I’ve been anticipating State of Decay 2 since its reveal in 2016. As a massive fan of the original Xbox 360 game (and the Xbox One re-release), I couldn’t wait to get my hands on the sequel. After fourteen hours with State of Decay 2, I’m feeling optimistic.
For those who don’t know, State of Decay 2 is a game that falls in a wide-variety of genres. It features third-person action, open-world exploration, stealth, base building, and community management. There’s something for everyone to enjoy. When I’m not killing zeds (zombies), my primary goal is to survive, by any means necessary. The primary goal is State of Decay 2 is survival, but that task is not easy at all. In fact, my first five hours with the game proved so disastrous, that I formed a new community and started it all over again.
State of Decay 2 requires constant attention. If you’re not on top of the community’s needs, their morale might drop, and problems can occur between people in your settlement. Resources are a top priority. You’ll need to make sure that there is enough gas, food, medicine, and crafting materials to maintain daily life. Additionally, resources are required to build and upgrade structures in the settlement. When running low on supplies, people become restless, depressed, and eventually, they can even threaten to leave the community due to dissatisfaction.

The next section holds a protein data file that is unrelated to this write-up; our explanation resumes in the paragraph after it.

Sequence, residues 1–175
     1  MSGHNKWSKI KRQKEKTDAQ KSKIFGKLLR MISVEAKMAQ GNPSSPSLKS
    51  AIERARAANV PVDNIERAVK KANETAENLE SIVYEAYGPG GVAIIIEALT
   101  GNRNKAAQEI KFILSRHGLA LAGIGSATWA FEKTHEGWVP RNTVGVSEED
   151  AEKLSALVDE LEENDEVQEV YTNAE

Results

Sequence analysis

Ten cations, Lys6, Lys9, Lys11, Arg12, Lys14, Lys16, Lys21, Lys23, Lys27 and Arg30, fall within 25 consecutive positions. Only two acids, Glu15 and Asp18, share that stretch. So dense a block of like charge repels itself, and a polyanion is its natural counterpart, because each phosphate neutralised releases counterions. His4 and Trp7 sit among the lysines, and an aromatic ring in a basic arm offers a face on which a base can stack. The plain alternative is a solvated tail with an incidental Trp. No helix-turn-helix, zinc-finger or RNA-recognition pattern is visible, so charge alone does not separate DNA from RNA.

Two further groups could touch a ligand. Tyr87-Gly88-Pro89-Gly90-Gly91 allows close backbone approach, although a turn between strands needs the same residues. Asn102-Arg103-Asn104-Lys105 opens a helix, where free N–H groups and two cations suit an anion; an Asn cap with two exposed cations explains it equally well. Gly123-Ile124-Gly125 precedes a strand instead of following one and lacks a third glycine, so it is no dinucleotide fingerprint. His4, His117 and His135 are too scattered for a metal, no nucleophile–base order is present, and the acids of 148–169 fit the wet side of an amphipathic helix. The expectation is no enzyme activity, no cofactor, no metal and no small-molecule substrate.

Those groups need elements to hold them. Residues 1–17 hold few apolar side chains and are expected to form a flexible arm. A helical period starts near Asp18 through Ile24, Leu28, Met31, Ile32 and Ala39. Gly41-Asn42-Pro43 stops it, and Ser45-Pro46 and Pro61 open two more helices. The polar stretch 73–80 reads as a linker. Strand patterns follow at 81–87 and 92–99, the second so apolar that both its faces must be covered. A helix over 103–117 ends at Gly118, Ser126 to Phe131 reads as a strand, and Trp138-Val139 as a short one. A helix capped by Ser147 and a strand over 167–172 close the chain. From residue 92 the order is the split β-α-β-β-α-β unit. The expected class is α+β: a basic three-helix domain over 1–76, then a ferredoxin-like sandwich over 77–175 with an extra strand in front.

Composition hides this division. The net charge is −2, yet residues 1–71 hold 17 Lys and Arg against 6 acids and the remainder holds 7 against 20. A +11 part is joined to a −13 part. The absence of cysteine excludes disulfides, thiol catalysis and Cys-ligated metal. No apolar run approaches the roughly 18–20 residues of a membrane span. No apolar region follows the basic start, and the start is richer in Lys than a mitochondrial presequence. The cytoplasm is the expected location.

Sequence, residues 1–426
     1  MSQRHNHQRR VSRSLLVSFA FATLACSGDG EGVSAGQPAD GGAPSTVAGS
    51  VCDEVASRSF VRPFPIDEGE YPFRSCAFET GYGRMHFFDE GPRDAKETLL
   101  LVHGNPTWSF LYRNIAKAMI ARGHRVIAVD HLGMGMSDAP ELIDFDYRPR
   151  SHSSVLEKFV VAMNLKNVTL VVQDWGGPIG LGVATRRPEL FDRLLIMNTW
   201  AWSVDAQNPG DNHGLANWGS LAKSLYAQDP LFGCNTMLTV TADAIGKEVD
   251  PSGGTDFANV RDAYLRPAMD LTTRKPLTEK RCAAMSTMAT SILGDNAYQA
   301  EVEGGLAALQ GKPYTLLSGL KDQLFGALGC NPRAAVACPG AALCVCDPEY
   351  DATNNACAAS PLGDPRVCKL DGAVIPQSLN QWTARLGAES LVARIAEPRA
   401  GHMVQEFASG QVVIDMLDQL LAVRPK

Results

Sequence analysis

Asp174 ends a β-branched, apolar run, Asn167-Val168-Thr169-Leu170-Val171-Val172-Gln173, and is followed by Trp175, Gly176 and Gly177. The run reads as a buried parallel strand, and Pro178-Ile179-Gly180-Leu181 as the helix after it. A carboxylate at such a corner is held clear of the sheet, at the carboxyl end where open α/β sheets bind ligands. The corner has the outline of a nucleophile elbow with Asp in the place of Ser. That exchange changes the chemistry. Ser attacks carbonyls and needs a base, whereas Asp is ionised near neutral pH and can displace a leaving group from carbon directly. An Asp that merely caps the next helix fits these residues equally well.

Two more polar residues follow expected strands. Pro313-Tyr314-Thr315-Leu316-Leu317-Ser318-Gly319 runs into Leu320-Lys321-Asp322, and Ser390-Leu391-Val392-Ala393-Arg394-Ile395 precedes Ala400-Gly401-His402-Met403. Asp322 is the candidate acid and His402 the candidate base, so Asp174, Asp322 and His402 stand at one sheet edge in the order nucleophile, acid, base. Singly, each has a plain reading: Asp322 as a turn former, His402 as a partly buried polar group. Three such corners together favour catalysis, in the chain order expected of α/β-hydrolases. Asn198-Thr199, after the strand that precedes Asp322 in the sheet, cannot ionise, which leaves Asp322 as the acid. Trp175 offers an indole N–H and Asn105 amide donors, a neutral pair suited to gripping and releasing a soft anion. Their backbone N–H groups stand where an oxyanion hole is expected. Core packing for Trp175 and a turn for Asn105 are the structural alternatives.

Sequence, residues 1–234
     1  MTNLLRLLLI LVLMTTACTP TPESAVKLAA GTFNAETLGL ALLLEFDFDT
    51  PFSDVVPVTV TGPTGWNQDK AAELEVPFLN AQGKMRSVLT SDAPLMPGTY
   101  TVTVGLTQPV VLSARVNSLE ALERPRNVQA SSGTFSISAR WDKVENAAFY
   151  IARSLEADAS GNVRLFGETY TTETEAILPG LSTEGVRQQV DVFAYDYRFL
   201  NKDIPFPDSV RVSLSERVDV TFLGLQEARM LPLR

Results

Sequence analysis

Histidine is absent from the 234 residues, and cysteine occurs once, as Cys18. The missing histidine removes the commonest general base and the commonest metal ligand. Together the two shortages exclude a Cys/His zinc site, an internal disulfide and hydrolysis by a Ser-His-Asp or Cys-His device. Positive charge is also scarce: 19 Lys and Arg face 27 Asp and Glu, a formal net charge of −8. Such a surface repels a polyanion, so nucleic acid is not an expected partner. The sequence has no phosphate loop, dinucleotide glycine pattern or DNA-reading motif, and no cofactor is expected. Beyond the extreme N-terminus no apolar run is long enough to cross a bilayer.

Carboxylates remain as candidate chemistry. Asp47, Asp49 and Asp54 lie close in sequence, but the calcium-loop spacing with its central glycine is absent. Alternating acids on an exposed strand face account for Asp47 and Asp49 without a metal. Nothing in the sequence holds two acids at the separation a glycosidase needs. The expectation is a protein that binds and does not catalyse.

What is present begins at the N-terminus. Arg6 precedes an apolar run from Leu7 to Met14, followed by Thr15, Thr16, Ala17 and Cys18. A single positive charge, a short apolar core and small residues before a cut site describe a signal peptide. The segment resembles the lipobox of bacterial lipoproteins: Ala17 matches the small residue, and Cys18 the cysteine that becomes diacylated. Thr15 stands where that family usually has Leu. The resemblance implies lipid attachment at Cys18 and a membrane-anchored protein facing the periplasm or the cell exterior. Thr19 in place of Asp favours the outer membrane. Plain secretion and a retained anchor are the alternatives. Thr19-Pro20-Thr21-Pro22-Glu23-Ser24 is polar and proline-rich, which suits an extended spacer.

In addition to your people, there are other survivors throughout the world that often ask for your help. While not usually timed, these missions will test your patience and management skills. Most of the time, random survivors will have an affinity towards your settlement. Ignore them, and they may turn hostile. Help with their request, and you can either enlist them to join your community or even develop a relationship that will result in new items to trade for.